"Deep writing emerges from the space between the inhalation and exhalation, that space in between the doing and the dreaming, our place of power, of mystery, and of authenticity."  Laraine Herring

Here are 4 Self-Love & Compassion Practices for You and Your Clients, using Mindful Expressive Writing

The 4 activities below will help you write and cultivate self-love and compassion using mindful expressive writing:

1. Use "Loving Kindness" Meditation (Metta)

There is a Buddhist mindfulness practice called "Loving kindness" (metta) - where we wish ourselves safety, health, happiness and ease, then extend this same intention out to others, and then extend that wish out to all living things.

This activity involves reading the following loving kindness meditation. You can also listen to the 12 minute audio from Lynda embedded in this article below.

May I be safe.
May I be healthy.
May I be happy.
May I live with ease.  

May you be safe.
May you be healthy.
May you be happy.
May you live with ease.

May we be safe.
May we be healthy.
May we be happy.
May we live with ease.

12 Minute Loving Kindness Meditation with Lynda:

Then, after you're finished, take 15 minutes to write in your journal about how this meditation made you feel. Write about whatever comes to mind as you reflect on your experience. What thoughts, feelings and sensations arose as you did this loving-kindness meditation?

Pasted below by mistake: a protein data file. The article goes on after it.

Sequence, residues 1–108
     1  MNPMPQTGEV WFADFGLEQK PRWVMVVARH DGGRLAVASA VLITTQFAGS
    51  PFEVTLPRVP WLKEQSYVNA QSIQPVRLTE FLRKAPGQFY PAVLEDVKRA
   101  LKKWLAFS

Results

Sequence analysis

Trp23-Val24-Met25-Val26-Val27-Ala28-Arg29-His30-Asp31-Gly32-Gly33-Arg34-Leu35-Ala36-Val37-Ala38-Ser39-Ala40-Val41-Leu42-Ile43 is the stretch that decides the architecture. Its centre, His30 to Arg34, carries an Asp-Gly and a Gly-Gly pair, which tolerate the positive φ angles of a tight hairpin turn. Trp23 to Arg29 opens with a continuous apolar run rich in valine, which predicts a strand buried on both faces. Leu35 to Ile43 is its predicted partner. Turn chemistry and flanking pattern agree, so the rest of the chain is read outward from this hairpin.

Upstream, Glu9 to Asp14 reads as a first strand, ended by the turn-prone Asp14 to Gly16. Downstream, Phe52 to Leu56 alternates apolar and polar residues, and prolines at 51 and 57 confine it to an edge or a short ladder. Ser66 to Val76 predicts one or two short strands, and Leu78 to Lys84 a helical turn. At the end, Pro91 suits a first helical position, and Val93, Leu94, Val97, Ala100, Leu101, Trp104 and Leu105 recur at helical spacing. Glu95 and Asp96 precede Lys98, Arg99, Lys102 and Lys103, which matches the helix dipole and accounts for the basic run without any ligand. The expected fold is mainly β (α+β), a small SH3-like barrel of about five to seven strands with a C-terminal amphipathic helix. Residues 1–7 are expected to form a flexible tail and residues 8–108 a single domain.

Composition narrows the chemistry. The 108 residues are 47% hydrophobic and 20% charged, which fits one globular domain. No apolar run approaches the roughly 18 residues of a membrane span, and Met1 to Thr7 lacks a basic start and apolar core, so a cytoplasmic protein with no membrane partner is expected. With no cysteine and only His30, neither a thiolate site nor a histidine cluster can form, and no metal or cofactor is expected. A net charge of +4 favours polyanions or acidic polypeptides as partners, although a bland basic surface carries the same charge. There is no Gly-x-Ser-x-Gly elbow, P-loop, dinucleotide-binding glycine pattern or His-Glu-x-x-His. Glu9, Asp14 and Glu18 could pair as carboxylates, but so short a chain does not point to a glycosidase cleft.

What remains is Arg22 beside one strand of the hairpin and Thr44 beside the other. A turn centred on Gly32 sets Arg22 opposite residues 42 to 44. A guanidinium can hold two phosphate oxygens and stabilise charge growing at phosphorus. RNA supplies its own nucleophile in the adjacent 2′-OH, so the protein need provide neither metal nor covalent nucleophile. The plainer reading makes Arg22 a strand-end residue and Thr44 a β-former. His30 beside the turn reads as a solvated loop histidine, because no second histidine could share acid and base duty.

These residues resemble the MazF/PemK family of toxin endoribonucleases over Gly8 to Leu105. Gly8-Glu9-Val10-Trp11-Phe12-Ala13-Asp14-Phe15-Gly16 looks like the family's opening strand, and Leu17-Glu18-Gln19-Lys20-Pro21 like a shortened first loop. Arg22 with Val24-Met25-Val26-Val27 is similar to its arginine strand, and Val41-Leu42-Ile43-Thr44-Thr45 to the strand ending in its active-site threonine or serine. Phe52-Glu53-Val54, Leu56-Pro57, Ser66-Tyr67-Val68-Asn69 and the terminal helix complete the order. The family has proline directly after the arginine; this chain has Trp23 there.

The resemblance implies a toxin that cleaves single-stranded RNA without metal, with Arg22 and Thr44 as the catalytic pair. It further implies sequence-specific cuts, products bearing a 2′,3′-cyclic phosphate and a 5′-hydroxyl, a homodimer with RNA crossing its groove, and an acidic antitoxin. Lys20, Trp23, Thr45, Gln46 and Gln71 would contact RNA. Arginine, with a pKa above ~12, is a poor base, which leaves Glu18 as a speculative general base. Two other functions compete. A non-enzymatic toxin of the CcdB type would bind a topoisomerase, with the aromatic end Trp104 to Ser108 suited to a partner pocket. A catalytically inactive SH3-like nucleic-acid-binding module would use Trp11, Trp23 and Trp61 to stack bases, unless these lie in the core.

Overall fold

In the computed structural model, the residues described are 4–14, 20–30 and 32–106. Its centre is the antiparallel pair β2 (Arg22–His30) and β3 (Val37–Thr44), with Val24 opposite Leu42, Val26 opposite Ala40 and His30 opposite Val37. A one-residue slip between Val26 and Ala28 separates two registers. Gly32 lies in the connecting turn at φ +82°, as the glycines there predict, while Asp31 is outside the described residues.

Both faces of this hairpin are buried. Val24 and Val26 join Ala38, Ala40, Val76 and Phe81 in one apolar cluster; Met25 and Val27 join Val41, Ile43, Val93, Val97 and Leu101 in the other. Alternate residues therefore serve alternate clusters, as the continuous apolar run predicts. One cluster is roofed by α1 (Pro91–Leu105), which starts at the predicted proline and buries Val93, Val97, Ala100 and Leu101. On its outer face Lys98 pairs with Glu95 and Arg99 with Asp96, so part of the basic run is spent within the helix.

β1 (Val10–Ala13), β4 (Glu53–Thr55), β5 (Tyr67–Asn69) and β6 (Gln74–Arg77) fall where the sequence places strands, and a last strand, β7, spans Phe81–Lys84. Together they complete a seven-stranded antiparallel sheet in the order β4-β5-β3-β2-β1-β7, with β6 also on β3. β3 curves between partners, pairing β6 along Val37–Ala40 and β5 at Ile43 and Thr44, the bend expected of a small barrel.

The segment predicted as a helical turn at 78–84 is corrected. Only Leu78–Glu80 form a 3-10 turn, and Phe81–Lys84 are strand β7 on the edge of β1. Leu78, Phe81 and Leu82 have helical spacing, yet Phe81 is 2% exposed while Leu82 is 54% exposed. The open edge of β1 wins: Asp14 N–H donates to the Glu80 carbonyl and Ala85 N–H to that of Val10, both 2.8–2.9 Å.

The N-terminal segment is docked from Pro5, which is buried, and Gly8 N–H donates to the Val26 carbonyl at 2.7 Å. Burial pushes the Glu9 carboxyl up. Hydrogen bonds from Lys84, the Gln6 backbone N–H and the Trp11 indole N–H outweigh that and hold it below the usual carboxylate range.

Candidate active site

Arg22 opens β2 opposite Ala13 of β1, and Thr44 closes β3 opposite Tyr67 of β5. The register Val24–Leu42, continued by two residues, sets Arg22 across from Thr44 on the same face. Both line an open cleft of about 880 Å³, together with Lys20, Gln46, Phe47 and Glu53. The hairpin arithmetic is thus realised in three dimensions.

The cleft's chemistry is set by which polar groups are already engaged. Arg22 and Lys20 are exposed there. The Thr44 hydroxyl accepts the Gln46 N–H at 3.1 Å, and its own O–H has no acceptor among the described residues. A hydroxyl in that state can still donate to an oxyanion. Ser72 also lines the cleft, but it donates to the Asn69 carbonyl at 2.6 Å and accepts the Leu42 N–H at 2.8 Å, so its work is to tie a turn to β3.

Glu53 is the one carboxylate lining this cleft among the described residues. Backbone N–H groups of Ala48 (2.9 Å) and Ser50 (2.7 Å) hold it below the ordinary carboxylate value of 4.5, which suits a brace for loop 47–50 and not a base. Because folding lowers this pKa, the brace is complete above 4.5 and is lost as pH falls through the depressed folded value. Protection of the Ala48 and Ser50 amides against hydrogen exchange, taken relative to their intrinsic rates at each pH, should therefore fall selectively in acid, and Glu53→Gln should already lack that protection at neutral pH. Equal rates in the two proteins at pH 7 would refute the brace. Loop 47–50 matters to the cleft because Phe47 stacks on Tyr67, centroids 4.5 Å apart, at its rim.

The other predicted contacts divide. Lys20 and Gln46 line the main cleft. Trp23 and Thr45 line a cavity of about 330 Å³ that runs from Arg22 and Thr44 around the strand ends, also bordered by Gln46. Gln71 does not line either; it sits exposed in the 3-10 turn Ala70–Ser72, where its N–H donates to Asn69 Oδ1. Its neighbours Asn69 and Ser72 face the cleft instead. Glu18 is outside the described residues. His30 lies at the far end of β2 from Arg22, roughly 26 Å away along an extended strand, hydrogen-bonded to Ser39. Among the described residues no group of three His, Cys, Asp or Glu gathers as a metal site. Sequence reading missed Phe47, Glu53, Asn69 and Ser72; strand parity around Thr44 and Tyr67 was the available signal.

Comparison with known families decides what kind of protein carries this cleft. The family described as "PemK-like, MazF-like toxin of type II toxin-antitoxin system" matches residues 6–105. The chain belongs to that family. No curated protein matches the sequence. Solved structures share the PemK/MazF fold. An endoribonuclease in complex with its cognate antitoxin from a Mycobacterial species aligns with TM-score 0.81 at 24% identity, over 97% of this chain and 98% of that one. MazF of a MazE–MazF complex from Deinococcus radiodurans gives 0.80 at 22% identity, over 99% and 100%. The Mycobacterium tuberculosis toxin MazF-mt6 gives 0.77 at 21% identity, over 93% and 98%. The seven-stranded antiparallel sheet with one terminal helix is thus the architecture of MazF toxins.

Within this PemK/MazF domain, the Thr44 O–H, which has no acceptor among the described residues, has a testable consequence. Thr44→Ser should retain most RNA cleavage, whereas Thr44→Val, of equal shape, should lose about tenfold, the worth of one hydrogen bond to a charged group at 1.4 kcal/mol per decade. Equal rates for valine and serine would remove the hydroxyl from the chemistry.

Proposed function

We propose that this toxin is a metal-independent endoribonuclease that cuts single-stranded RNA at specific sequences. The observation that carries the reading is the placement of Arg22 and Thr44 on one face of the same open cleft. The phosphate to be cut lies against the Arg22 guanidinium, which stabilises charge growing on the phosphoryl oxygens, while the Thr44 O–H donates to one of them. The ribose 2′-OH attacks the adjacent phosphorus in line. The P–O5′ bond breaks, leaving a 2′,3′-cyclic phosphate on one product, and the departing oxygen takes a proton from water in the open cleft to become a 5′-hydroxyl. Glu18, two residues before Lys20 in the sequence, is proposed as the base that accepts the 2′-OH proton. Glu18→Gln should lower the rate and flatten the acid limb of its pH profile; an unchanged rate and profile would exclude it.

2) Write your own Loving Kindness Meditation

This next mindful expressive writing activity involves writing your own loving kindness meditation. Write out and ask what you want and need for yourself, and then extend these intentions out to others.

3) Write a Love Letter to Yourself

Write a love letter to yourself, filled with kindness, compassion, care and gratitude for who you are, and all the things you do. Write this love letter to yourself, in the same way you would write to someone you really, really love!

4) Use Poetry as Inspiration for Journaling 1

Read the following quote by David Whyte, poet and author of "The Three Marriages: Re-imagining Work, Self and Relationships".

"There are three kinds of marriages. Your marriage with another, with the people you have committed to love and respect through the big and the bad. Your husband (wife, partner), your children, your friends. Your marriage with your work. That thing you do that you commit to love and turn up for no matter how hard it is. Your marriage with yourself, the one you cannot leave."